Ugandan police on Monday arrested singer-turned-politician Bobi Wine and sprayed teargas to disperse his supporters as he sought to kick off public meetings ahead of presidential elections next year in a report by AFP.
Wine, a popular figure among young Ugandans, announced last year he would challenge President Yoweri Museveni in the 2021 elections, and on Monday was scheduled to begin a week-long series of consultations ahead of the vote.
However, the first event at a Catholic Church in his constituency in Kampala could not proceed as police deployed before dawn to the site, prompting protests by his supporters, an AFP reporter saw.
Protesters set alight car tires and blocked roads, while police backed by firefighters, armored cars and water cannon used teargas and rubber bullets to disperse the crowd.
Police spokesman Fred Enanga confirmed that Wine and members of his entourage had been arrested.
“We are temporarily holding them in our police station in Kasangati. We shall have to release them at some later stage but we are looking at charges of holding an unlawful assembly and disobedience of lawful orders.”
According to the police spokesman, the reason for his arrest was because he went early to conduct campaigns, this is against the Ugandan law.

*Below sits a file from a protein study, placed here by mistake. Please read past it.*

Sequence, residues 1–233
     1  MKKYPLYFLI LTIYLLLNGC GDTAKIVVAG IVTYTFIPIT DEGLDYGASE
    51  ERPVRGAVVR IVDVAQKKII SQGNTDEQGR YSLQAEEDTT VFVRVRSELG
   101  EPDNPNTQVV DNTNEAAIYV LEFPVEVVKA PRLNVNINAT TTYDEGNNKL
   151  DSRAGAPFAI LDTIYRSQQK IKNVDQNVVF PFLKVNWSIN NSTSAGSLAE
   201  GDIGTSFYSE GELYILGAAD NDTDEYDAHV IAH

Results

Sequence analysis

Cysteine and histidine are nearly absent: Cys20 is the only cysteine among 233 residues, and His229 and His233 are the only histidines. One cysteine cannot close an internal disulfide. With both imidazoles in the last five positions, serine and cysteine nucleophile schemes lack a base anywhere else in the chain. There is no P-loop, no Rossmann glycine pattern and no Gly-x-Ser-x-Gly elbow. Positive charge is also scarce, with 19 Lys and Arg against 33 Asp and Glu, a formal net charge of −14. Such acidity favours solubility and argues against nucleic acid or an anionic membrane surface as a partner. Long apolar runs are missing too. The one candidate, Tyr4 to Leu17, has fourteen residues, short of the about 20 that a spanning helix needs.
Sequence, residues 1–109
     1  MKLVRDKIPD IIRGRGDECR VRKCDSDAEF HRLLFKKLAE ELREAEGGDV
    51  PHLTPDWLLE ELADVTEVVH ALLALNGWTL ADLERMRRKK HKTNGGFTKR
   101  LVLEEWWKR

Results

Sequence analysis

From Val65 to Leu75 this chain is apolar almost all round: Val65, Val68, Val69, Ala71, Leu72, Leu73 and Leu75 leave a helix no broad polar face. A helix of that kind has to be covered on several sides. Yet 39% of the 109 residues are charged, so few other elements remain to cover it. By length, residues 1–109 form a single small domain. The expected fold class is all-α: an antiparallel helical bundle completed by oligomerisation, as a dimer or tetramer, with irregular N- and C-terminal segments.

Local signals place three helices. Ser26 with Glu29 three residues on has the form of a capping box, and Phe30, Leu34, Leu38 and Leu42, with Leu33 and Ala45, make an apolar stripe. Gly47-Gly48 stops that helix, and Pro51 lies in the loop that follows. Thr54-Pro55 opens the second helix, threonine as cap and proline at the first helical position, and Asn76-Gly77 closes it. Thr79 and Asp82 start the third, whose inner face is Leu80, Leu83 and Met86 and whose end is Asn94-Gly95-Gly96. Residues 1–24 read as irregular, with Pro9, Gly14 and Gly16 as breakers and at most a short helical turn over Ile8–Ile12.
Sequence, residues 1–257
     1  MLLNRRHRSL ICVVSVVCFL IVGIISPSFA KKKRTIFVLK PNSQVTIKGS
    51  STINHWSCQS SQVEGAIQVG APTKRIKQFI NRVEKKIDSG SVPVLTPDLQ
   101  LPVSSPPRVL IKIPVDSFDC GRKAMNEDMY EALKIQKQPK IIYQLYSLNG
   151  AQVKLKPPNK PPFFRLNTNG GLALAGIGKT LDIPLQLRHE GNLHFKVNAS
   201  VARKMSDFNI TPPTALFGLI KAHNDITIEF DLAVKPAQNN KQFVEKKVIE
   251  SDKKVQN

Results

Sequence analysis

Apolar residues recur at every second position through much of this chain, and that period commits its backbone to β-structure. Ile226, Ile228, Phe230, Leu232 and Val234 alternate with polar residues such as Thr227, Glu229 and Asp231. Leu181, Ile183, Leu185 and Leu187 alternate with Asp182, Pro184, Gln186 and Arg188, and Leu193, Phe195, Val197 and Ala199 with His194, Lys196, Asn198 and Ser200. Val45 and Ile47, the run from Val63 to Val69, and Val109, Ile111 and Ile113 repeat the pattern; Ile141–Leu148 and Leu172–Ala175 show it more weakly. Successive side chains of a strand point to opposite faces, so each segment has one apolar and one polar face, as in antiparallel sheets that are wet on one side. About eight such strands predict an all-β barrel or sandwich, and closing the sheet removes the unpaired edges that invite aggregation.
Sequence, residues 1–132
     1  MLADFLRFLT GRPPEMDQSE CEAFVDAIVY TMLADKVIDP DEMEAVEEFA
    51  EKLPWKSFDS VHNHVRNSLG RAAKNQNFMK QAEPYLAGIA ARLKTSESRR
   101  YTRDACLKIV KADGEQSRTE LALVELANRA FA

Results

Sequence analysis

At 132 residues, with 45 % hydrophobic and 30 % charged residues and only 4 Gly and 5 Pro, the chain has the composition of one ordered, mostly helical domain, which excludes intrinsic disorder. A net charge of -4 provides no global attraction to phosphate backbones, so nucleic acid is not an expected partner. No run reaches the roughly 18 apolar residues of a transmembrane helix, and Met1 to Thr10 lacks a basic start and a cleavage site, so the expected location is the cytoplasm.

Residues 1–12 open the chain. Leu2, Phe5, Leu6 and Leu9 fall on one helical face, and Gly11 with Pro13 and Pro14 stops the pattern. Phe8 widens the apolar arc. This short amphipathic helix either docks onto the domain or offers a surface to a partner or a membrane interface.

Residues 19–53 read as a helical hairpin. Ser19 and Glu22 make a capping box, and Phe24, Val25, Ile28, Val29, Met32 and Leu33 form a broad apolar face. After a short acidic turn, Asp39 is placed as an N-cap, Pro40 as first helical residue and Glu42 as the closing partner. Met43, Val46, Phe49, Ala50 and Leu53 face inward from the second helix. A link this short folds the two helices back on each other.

Under Uganda’s 2000 election law presidential “aspirants” may carry out “nationwide consultation” in the 12 months ahead of their official nomination as candidates.
The law requires aspirants to “introduce” themselves to the Electoral Commission (EC) and notify local authorities of events planned in their area.
On December 3 Wine sent a letter to the EC officially introducing himself and outlining his plans, which he published on social media.
Wine, whose real name is Robert Kyagulanyi, has already been detained a number of times. He has had numerous attempts to hold concerts blocked since he was elected as an MP in 2017.
Human Rights Watch has criticized that law as granting the police “wide discretionary powers over the content and management of public meetings.”
Wine has built a sizeable following among Uganda’s booming urban youth population, many of whom say they are tired of Museveni’s long rule.
Museveni seized power at the head of a rebel army in 1986 and many observers say they doubt he will ever give up power through democratic elections.
The authorities have charged both opposition leaders with various criminal offenses which are entangled in Uganda’s judicial system.
Kyagulanyi began his music career in 1999 and adopted the stage name Bobi Wine. His first singles “Akagoma”, “Funtula”, and “Sunda” (featuring Ziggy D) brought him success in the East African music scene.
His music has been characterized as reggae, dancehall, and afrobeat, often with a socially conscious message.
In April 2017, Kyagulanyi announced his candidacy for parliament in an upcoming by-election for the Kyaddondo East Constituency.
His door-to-door walking campaign attracted attention both in Uganda and abroad. He won the contest by a wide margin.